Whenever a problem occurs in any part of the process, it most likely to be related to the physical laws of fluid. Therefore, let’s examine the physical properties of hydrocarbons:
- density and liquid relative density
- API gravity
- gas relative density
- vapor pressure
- boiling point
- reid vapor pressure (TVP and RVP)
- heat and temperature
- freeze point
- flash point
- combustion and flammability
1. Density and liquid relative density (RD)
- density = mass / volume
- relative density = specific gravity, is a relative measure of density.
- pressure has little effect upon the density of liquids
- temperature is the only condition that needs to be considered when measuring relative density or specific gravity.
- the relative density of a liquid is the ratio of its density at 60 DegF or 15 DegC to that of water at the same temperature.
- Unit less
- relative density of water is 1.0
- RD = Density of liquid / density of water (measured at 60 DegF or 15 DegC)
- petroleum products are generally lighter than water and therefore, RD<1.
2. API Gravity
- unique oilfield used for crude oil and liquid product that are stored in atmospheric tanks.
- not used for measuring product that are stored in pressure
- API gravity is also known as API
API Gravity = ( 141.5 / RD ) – 131.5
RD = 141.5 / (API +131.5)
Mass = Volume X Density of water X RD of Liquid
3 things to remember about petroleum relative density are:
- gravity readings must be corrected to 15 DegC (60 DegF)
- petroleum liquid get less dense at higher temperature
- a heavy liquid such as crude oil has high relative density and a low API gravity
3. Gas Relative Density
- Gas RD is measured relative to air, which is arbitrarily given a relative density (gas) of 1.00
- the density of a gas is directly proportional to its absolute pressure.
- in a closed vessel, the pressure of the gas in it can be controlled. hence, gas RD may be measured using this fact
- sample apparatus used = gas gravity balance
Absolute Pressure for air / Absolute Pressure for gas
- RD = Mol weight of gas / Mol weight of air
- concentration = (weight of solute / weight of solvent) X 100
- concentration = (weight of solute / volume of solvent) X 100
- main factor affecting solubility is temperature
- the solubility of some solids increase as temperature increases, while the solubility of others will decrease with an increase in temperature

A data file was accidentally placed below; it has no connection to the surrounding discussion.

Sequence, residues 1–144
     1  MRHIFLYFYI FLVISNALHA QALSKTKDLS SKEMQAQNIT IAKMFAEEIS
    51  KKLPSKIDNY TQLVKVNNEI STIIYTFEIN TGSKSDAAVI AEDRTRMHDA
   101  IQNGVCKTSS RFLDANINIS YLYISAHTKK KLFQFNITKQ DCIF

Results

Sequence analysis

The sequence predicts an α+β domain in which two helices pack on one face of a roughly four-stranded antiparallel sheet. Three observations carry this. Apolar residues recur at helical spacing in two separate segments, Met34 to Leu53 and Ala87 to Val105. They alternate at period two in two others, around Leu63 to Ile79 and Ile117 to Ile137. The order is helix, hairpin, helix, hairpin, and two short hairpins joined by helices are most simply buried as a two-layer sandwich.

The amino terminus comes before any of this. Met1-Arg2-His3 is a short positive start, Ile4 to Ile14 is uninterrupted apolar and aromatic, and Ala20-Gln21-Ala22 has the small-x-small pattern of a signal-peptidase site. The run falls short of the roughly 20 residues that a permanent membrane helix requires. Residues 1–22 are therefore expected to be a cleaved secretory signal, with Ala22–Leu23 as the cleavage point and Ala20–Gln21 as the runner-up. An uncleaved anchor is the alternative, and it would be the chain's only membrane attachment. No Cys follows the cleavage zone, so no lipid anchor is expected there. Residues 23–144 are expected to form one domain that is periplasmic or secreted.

- the solubility of gases increases as temperature decreases.
- the solubility of gas increases when the pressure of the gas above the liquid increases.
- liquids that mix in each other completely and appear to have one phase are miscible (mix without separating)
- all hydrocarbon are miscible
- water mix with benzene to a small extent but it’s not miscible
- the miscibility and solubility of a substance is very relevant to the oil industry when it comes to separating oil from water and water from oil.
6. Cloud Point and Pour Point
- some crude oil and lubricating oils contain paraffin wax, which may cause the oil to solidify it its gets cold.
- as oil containing wax is cooled, wax crystals will form when the temperature reaches the cloud point.
- further cooling will cause additional wax formation and eventually, the oil will solidify.
- pour point : temperature at which the oil turns to a solid.
- a small concentration of wax can make a big difference in the temperature at which the oil will solidify.
- Oil with 7% wax may solidify at normal room temperature, but, the same oil with no wax will remain a liquid.
- there may be as much as 90 DegF difference in temperature between cloud point and the pour point.
- the wax that forms at cloud point is soft, mushy material. It will flow if the velocity is high enough. It will settle out in a separator or other equipment when the velocity is very low
- wax problem, heaters are often used to maintain higher temperature than room temperature (above cloud point), no wax will form
- chemical depressant such as wax crystal modifiers are injected into the stream to lower or depress the temperature at which wax is forms.
7. Flash Point and Fire Point
- 2 terms related to flammable materials that are important are flash point and fire point.
- flash point is the lowest temperature of a fluid at which sufficient vapor is given off to form a combustible mixture.
- flash point – product quality specification test and determines where products are stored and in what type of storage tank.
- fire point: the lowest temperature at which enough vapor is given off to maintain combustion once it is ignited.
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